Adjusted stats - how valuable?
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10-27-2012, 06:27 AM
Join Date: Aug 2009
Location: Ho Chi Minh City
Comparing 2011/12 Stamkos 60 gs to Selanne's 52 in 1997/98.
First off IMHO 60 gs is an outstanding, rare achievement. Few have done this. I consider it irrelevant if stats show that it was easier to do in this year than that year. I'd bet the same analysis would reveal how many failed to do so under equal circumstances.
I am ignoring the psychological value of the number and simply comparing the performance of both players to their peers in specific subsets.
52 goals represents .041% the production of the top 5% of players who scored 22.5% of the leagues goals that season.
60 gs represents .040% of the production of the top 5% of players who scored 23.0% of the leagues goals that season.
They look pretty equivalent.
10%- Stamkos .024% of .39%
Selanne .025% 0f .37%
Still appear equivalent but a pattern is emerging. Selanne has scored a higher percentage of fewer goals.
20%- Stamkos has .015% of 63%
Selanne has .016% of 59%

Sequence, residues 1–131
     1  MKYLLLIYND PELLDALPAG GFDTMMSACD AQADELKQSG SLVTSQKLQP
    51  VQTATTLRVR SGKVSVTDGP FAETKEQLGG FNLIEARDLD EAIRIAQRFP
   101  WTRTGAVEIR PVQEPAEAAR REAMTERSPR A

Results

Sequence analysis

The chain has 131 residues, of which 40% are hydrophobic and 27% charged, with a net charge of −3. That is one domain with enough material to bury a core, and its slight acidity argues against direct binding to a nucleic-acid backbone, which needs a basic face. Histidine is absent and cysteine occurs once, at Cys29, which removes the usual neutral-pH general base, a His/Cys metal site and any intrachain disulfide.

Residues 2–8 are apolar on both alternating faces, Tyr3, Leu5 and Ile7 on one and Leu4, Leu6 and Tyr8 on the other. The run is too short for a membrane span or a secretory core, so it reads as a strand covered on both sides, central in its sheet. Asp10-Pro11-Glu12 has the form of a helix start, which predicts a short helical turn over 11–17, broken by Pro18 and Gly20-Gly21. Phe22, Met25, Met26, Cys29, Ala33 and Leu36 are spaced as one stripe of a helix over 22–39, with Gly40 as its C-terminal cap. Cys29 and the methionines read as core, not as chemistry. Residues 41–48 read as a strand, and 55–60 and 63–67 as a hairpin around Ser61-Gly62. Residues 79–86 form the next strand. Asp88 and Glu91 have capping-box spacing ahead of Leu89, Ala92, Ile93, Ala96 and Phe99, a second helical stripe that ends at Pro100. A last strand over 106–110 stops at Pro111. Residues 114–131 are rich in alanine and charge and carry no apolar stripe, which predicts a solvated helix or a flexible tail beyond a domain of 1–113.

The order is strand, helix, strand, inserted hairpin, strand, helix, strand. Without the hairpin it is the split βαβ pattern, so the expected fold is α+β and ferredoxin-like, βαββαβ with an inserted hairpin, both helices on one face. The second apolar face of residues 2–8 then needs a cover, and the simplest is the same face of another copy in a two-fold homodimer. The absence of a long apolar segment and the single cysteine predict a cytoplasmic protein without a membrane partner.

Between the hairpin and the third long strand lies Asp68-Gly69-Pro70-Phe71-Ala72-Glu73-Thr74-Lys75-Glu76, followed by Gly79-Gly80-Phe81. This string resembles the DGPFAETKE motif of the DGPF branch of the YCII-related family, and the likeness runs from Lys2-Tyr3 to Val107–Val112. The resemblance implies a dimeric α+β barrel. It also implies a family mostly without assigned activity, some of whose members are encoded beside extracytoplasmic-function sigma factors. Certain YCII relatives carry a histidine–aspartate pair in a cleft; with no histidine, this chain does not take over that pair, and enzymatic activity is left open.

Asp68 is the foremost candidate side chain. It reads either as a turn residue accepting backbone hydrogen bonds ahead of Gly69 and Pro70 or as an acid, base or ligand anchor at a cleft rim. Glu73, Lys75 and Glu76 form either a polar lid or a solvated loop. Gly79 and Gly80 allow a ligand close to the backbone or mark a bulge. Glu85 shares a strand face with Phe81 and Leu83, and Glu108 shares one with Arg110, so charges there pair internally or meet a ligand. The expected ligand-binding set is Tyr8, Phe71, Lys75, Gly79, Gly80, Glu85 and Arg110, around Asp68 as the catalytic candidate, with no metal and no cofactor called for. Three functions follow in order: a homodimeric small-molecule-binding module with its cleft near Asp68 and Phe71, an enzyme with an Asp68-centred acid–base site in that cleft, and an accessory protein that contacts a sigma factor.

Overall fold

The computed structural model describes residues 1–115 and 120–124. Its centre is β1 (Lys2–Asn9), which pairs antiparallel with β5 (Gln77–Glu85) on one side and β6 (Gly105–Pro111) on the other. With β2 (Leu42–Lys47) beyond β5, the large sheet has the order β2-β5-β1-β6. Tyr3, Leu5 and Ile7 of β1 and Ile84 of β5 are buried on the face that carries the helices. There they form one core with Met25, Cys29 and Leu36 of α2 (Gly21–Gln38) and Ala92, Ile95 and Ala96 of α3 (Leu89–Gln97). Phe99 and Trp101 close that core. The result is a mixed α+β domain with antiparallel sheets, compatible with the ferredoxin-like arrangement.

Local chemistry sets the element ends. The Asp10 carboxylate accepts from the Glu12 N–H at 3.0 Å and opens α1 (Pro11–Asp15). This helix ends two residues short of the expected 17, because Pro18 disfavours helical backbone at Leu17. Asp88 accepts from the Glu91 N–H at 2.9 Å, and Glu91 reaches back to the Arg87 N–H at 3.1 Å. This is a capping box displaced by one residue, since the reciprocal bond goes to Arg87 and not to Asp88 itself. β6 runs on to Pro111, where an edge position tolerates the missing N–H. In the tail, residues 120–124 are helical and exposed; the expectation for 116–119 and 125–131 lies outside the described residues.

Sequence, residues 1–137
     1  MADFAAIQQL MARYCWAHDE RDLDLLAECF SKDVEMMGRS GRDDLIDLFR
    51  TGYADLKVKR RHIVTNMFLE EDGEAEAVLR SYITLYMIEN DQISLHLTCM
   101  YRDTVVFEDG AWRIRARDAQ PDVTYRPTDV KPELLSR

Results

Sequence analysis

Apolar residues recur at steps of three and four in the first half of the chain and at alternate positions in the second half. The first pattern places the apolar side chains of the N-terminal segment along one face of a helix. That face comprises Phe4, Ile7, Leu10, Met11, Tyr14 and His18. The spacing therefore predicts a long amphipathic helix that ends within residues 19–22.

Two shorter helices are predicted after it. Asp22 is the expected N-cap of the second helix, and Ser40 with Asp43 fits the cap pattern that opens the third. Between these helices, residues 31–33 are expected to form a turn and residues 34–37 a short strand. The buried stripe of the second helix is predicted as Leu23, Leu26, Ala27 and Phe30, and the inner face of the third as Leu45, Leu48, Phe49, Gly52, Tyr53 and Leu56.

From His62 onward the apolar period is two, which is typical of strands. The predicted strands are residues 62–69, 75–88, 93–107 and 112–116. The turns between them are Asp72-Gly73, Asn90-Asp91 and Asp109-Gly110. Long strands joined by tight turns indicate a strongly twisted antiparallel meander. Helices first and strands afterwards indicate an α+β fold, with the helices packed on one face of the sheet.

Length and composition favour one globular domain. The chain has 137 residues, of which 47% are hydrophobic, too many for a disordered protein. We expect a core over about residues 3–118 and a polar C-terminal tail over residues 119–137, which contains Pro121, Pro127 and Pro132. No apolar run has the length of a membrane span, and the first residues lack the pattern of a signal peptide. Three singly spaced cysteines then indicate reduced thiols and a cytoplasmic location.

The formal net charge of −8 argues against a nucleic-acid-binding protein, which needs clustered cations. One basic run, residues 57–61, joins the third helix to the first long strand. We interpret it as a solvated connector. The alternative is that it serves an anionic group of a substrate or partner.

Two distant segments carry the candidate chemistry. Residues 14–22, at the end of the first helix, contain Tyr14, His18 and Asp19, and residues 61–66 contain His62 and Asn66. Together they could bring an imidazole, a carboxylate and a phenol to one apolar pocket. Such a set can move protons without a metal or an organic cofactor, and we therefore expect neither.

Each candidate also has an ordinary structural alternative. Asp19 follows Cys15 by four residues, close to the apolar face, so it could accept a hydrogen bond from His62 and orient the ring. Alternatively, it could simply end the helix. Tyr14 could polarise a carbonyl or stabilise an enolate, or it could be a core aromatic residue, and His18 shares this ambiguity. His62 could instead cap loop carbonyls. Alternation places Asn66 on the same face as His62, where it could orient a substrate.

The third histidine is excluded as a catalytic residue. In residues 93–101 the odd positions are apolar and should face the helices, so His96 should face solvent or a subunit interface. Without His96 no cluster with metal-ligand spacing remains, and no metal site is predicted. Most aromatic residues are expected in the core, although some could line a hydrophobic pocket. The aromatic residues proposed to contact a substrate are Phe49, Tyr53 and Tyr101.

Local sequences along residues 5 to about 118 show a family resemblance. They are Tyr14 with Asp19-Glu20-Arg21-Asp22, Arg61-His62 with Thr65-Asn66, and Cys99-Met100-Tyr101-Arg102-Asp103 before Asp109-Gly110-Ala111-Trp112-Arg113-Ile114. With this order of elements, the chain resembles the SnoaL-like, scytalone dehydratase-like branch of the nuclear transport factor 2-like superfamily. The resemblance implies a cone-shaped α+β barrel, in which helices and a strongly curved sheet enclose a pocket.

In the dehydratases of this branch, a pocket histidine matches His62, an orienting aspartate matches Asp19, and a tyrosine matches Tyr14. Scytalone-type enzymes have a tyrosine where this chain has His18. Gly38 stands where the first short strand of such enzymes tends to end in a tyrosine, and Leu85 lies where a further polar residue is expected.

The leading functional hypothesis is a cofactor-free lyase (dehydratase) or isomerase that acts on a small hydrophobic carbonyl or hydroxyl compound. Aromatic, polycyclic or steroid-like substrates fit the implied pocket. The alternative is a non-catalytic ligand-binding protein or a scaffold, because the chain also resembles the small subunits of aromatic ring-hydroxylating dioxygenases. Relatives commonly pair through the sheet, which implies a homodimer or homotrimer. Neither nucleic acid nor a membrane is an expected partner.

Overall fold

Does this make sense?
In the Selanne season 21 players scored at least 30 goals, 75 scored at least 20. 763 players appeared in 38,363 games scoring 5,624 goals. His productivity is comparable to 63 goals amongst the top 10% in Stamkos' season.
In the Stamkos season 31 players scored at least 30 goals, 102 scored at least 20. 894 players appeared in 44,268 games scoring 6,542 goals. His productivity is equivalent to 49 goals amongst the top 10% in Selanne's season.
Selanne was more productive than Stamkos among the top 10% of scorers. It will differ somewhat within 5%, 20% and other subsets of top performers.
What does adjusted scoring say about these two seasons?
I haven't looked at goalies at all, let alone schedules and opponents.
Whatever else this debate is about we can clearly do much better than adjusted stats with respect to analyzing raw data. Adjusted stats are a construct with only the slimmest connection to reality. That connection is just that raw data is the independant variable. Any old wild formula will bear some resemblance to the input. Adjusted data has some careful thought put into it but clearly it is off. Work needs to be done.
Caveat: I tend to make errors. Hopefully I haven't done that here. Feel free to check my calculations.
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